How are you enjoying yourself?

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Savutano

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Edited By Savutano

Poll: How are you enjoying yourself? (313 votes)

Pretty Well 68%
Okay 19%
Meh 7%
It's...fine. 6%
 • 
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Bezerker85

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Doing a "renegade" quick playthrough for my 2nd run just basically doing all the opposite choices. I'm going to guess this is supposed to be part of the sub-text of "Fuck the board" but holy shit. I turned Welles into the Board and all they gave me was 3k bits (not even enough to buy one of the rare weapons)

How is the guy public enemy #1 yet the board can only scrounge up a measly 3k for his bounty

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BoOzak

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#52  Edited By BoOzak

I also encountered a bug on Monarch that involved Nyoka and prevented me from doing the main quest, I had to reload and lost a bunch of progress. (I didnt get the quest "Passion Pills" when I should have)

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Quantris

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I was pretty lukewarm on Fallout games, and this is hitting the same kind of spot for me. But it's definitely well-made enough to keep me coming back. I'm prone to spending way too long picking up everything in sight though. And then stuffing all of it in the infinite lockers / fridges on the ship (why oh why couldn't they make mods weightless?)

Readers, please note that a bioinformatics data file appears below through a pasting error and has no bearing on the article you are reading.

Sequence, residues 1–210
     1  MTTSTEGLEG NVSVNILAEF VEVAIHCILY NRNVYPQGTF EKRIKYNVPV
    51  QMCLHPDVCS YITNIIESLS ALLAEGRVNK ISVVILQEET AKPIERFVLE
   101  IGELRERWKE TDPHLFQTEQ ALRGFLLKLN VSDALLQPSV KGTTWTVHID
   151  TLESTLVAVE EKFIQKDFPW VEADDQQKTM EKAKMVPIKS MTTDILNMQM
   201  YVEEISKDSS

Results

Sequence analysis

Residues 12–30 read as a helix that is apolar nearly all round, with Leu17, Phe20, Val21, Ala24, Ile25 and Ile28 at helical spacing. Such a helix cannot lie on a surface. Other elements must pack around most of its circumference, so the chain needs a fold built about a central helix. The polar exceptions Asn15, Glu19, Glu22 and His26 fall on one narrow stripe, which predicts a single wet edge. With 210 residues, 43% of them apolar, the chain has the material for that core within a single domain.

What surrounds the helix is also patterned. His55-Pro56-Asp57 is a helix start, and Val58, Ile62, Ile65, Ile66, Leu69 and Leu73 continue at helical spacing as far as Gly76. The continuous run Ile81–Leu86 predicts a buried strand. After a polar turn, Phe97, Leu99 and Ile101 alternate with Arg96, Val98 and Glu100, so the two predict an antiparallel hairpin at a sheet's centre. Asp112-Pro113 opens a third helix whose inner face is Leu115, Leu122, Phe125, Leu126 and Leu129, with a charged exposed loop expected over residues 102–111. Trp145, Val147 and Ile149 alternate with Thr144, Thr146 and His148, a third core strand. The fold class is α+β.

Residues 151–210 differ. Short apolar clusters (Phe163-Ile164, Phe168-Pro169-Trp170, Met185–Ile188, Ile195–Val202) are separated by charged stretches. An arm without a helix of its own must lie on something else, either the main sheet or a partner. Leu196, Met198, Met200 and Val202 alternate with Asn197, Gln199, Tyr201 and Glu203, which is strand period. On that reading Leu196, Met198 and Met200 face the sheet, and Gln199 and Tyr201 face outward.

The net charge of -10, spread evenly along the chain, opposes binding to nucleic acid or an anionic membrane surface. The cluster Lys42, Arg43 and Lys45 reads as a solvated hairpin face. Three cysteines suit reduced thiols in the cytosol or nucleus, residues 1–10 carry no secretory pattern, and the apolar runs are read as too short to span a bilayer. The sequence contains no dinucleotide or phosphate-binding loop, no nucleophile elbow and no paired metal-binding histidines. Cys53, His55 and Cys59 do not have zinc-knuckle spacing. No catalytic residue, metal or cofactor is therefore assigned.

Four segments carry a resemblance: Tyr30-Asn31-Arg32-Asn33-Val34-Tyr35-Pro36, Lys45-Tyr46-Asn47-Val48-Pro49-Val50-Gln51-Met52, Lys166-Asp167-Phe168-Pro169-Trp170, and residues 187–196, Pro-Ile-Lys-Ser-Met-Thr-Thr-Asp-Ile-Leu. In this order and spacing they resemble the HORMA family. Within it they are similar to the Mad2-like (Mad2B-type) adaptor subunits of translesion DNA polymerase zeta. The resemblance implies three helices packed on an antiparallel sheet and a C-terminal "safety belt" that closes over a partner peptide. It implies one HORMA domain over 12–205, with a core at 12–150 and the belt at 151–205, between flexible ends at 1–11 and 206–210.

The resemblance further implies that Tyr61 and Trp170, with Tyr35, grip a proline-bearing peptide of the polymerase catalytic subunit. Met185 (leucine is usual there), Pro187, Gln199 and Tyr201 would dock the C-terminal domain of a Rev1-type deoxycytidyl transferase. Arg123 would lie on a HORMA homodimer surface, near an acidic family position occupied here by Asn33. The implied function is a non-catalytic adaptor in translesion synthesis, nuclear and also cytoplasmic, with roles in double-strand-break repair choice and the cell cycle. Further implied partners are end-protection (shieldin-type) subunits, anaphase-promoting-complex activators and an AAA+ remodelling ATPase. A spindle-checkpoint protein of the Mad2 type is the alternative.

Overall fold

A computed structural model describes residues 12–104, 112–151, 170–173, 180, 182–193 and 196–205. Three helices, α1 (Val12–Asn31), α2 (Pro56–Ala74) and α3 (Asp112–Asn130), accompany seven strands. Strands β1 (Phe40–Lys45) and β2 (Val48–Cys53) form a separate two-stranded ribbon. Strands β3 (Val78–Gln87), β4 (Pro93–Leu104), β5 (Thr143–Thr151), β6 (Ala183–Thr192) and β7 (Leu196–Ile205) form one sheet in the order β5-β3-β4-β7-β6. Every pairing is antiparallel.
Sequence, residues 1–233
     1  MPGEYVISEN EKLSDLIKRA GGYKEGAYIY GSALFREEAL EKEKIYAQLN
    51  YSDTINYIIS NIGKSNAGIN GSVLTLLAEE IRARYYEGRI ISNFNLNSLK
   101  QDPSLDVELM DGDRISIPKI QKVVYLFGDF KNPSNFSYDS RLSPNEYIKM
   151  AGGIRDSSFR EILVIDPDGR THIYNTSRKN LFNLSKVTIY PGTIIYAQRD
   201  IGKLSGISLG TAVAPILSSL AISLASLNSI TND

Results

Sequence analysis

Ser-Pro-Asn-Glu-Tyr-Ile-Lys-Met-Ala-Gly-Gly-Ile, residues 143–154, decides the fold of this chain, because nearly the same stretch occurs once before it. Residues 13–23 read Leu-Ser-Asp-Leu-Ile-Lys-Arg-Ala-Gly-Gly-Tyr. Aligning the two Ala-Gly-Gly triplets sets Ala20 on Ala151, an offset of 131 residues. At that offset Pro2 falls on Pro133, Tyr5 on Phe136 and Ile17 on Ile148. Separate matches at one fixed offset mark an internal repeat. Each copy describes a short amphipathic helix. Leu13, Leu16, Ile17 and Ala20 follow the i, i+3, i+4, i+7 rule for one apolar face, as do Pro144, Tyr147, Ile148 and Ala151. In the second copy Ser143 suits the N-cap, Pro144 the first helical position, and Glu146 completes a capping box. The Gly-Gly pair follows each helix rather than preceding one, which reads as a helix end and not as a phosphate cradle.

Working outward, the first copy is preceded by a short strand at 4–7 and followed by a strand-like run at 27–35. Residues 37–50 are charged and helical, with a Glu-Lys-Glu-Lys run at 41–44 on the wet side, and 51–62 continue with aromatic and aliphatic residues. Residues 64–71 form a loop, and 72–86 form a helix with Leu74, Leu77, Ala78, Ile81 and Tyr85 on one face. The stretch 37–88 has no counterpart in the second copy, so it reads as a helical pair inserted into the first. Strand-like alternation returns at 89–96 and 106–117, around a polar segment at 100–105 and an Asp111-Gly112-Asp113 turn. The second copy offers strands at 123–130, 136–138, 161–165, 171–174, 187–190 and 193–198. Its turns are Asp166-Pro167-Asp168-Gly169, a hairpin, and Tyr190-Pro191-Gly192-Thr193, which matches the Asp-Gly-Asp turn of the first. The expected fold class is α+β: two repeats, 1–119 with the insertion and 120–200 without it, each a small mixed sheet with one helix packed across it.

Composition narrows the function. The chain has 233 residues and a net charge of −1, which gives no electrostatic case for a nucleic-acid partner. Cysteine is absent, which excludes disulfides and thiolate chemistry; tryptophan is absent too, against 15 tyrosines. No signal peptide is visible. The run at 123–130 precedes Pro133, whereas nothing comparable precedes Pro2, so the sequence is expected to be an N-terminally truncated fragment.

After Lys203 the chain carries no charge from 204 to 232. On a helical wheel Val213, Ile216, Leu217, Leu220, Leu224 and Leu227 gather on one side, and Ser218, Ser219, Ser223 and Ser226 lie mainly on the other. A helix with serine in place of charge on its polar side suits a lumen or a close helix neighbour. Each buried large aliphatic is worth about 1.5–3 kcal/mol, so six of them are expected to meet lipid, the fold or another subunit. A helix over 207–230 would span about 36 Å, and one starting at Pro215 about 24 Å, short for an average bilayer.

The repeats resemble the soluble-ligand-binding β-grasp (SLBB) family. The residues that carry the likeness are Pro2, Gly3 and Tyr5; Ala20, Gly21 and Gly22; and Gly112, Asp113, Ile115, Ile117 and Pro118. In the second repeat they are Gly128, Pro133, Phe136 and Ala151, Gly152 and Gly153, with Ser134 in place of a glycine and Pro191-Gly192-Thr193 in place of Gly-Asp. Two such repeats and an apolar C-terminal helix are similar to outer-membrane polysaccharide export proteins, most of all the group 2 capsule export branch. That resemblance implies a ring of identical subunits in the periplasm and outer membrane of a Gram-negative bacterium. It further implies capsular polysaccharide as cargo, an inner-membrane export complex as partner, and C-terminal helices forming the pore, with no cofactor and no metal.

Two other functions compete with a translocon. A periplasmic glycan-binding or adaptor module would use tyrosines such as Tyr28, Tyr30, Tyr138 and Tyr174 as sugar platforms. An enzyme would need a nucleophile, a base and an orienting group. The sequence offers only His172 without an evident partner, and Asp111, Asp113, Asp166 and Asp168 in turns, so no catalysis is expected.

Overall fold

Only notable problem I've had is that I can't use 6x scopes. When I fit one and try aiming, I just see almost a solid color. That said, the 2x scope on an assault rifle seems to be plenty sufficient for my play style.

  1. There's some minor usability stuff that I'd like to see fixed. For example, you don't "eat" the food but instead add it as an effect to your health inhaler. However, even though a lot of the food items have a similar effect (e.g. +200% base health for 30 seconds), the game doesn't automatically swap to an item with a similar effect when you run out. With the way it works, I'm interested in the effect, not the specific item, so it would be nice if it automatically reloaded the inhaler with items that share an effect rather than making you dive into the menu to replenish it.

Weird, I could have sworn I read something in-game that said the inhaler does what you want it to do. Maybe there's a bug? I only recently unlocked the extra slot so I haven't actually run out of the food item to test this out...and now I have the perk that heals on kill (and I'm playing on normal) so I'm not sure I ever will use the inhaler enough times to see that.
You *can* consume food outside of the inhaler which is what I was doing for a bit: I initially spec'ed my character to have 0 health regen so drinking alcohol would temporarily give me regen back.

Overall I agree the way these items are handled is a bit annoying. You can't even sort by effect.

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BrunoTheThird

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#54  Edited By BrunoTheThird

Damn, I was surprised the credits rolled so soon. I did every quest in the game, spoke to every named NPC, looted/explored every single building and finished the game on hard mode in 21 hours. There were some really memorable (albeit short) quests, and I loved talking to everyone as they're so different from each other; Felix bored me to tears and Sam was pointless, but the rest of the gang and ADA were pretty great. I laughed out loud plenty. I loved being a dick to Max, mollycoddling Parvati, and encouraging Ellie and Nyoka's vengeful schemes. I didn't want it to end.